Tornado wreaks havoc in northern Michigan community

A tornado ripped through a small northern community in Michigan’s Lower Peninsula on Friday, flipping vehicles, ripping roofs off buildings and causing other damage.

There were no immediate reports of injuries or fatalities from the tornado that hit Gaylord, a community of about 4,200 people about 230 miles (370 kilometers) northwest of Detroit.

Eddie Thrasher, 55, said he was sitting in his car outside an auto parts store when the tornado appeared above him.

“There are roofs ripped off businesses, a row of industrial-type warehouses,” Thrasher said. “Motorhomes were overturned and destroyed. There were a lot of emergency vehicles coming from the east end of town.

He said he ran into the store to get out.

“My adrenaline was going crazy,” Thrasher said. “In less than five minutes, it was over.”

Several homes were damaged and trees and power lines were downed and blocked roads, state police said on Twitter. Footage shared on social media showed several shredded motorhomes in a parking lot.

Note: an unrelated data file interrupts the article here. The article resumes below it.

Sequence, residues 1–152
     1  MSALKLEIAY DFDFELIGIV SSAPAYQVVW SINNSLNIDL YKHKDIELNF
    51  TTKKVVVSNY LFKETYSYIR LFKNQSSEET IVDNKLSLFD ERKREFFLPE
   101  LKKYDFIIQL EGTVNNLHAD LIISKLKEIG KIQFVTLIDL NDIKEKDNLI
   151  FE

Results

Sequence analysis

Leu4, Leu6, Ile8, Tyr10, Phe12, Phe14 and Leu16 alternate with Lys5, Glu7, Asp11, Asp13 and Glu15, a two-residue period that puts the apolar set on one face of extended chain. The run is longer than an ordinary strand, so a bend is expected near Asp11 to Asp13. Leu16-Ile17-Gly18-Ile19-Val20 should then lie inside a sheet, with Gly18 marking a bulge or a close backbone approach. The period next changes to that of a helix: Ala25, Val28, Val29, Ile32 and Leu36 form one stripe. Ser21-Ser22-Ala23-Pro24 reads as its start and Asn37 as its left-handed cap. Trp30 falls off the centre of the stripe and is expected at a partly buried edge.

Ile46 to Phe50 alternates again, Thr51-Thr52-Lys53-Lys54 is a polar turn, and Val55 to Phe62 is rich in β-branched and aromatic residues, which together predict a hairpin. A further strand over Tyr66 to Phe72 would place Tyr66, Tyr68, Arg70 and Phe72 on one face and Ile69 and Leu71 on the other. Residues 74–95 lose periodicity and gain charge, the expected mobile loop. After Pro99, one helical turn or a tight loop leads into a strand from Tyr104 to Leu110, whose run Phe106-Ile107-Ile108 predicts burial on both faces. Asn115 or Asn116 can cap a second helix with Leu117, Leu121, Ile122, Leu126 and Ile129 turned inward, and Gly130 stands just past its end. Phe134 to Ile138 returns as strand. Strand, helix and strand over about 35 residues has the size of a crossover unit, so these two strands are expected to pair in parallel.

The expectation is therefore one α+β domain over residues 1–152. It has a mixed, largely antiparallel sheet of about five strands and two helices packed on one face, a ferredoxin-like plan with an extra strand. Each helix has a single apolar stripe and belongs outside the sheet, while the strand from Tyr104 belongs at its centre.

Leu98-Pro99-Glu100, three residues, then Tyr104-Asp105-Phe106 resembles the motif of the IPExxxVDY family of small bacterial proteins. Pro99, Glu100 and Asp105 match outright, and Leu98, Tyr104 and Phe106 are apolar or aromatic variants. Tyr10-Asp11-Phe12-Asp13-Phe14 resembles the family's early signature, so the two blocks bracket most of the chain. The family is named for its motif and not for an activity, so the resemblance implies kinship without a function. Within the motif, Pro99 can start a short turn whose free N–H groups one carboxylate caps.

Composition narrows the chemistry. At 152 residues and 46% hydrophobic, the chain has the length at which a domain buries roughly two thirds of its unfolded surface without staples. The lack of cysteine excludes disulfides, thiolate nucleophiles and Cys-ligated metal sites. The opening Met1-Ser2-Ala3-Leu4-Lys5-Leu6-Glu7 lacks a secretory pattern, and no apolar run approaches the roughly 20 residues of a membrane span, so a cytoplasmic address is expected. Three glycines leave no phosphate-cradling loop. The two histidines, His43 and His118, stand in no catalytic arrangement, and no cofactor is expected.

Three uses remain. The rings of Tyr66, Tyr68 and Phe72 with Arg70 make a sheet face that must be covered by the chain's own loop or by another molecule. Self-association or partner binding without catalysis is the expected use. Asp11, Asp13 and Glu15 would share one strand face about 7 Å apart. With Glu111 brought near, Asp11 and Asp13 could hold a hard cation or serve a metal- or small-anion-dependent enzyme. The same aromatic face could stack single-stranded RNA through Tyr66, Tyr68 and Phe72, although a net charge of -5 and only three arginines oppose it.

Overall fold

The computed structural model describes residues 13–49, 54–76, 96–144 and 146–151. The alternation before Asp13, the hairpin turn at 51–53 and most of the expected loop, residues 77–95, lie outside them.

Mike Klepadlo, owner of Alter-Start North, an auto repair shop, said he and his employees hid in a bathroom.

“I’m lucky to be alive. He blew up the back of the building,” he said. “Twenty feet (6 meters) of the back wall is gone. The whole roof is missing. At least half of the building is still there. It’s bad.”

Video posted on social media showed extensive damage along the main street of Gaylord. A building appeared to be largely collapsed and part of a Goodwill store had been damaged. A collapsed utility pole lay on the side of the road and debris, including what appeared to be electrical wires and parts of a Marathon gas station, was strewn all along the street.

Otsego Memorial Hospital said it had not commented on people seeking treatment for injuries.

Brandie Slough, 42, said she and a teenage daughter sought safety in a Culver’s toilet. The windows of the fast food restaurant were blown out when they appeared and his van was overturned on its roof in the parking lot.

“We shook our heads in disbelief, but thankful to be safe. At this point, who cares about the truck,” Slough said.

Gaylord, known as the ‘Alpine Village’, is due to celebrate its 100th anniversary this year, with a centenary celebration that will include a parade and an open house at Town Hall later this summer.

The community also hosts the annual Alpenfest in July, an Alpine-inspired celebration honoring the city’s heritage and partnering with a sister city in Switzerland.


White reported from Detroit. AP reporters Corey Williams in Detroit, Ken Kusmer in Indianapolis and Sara Burnett in Chicago contributed.